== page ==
HIMALAYAN

long-haired Himalayan Siamese, seated in grass.

Himalayan

This cat evolved from a breeding experiment. The intention was to breed a Siamese-patterned cat with Persian coloring and body type. In North America, the breed became known as the Himalayan.

The first of these cross-bred cats was born in the United States in 1935. However, it was only one cat. Then, in the 1950s a female cat was successfully cross-bred with a Persian, and produced what they sought: a long-haired cat with Siamese coloring and the body type of the Persian. These cats were shown for the first time in 1957, and caused a sensation. By 1961, the breed was recognized.

Today, the Himalayan cat can be found with many Siamese colors. Himalayans are very recognizable, having a wide head, small nose, short legs and tail, and a soft, silky coat.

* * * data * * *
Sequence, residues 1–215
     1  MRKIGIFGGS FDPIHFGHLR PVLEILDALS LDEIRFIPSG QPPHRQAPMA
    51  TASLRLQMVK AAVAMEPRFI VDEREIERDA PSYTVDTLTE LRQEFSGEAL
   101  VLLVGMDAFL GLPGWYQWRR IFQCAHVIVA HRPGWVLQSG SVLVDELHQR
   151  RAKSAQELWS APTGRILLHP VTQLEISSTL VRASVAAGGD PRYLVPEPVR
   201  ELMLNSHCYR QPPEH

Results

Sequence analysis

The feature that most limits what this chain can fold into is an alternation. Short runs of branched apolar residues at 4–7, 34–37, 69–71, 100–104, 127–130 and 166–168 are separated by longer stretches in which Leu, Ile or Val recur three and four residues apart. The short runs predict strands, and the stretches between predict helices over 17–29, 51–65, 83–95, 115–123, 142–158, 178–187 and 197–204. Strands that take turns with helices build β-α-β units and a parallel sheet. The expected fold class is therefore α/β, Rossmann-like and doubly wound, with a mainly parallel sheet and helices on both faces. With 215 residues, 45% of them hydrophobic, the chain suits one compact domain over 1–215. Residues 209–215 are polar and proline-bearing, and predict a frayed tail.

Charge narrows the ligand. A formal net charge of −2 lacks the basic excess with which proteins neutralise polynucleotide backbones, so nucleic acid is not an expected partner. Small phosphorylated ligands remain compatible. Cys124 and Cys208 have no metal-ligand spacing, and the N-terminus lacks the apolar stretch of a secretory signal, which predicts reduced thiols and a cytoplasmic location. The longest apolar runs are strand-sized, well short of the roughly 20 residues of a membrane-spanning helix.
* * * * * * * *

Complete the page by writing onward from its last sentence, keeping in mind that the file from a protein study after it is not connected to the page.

Though varying in temperament, the Himalayan is considered to be less demanding and boisterous than the Siamese.

Females may bear litters as early as eight months, but with smaller litters, usually only one to three kittens. At birth, the kittens have fluffy fur and are all creamy-white. The point color begins to appear after a few days.

SIAMESE

Siamese cat seated on table on an outside deck

Siamese

Now that we have discussed two breeds that have some Siamese in their genetic make-up, let’s take a look at the Siamese as a breed.

This breed was the first to be developed with the traditional coloring that we now think of as Siamese. A specific gene causes the traditional pattern. Their eyes are bright blue. Their “points,” which refer to their mask, ears, tail, and legs, can be quite varied in color, as there are 20 types of point colors.

In the Siamese pattern, the color pigments appear in the points. I was interested to learn that the amount of color pigment produced depends on the cat’s skin temperature. The lower the temperature, the more pigment is produced. Therefore, kittens raised in a cooler climate often develop darker coats. The cat’s body color will vary with the point color.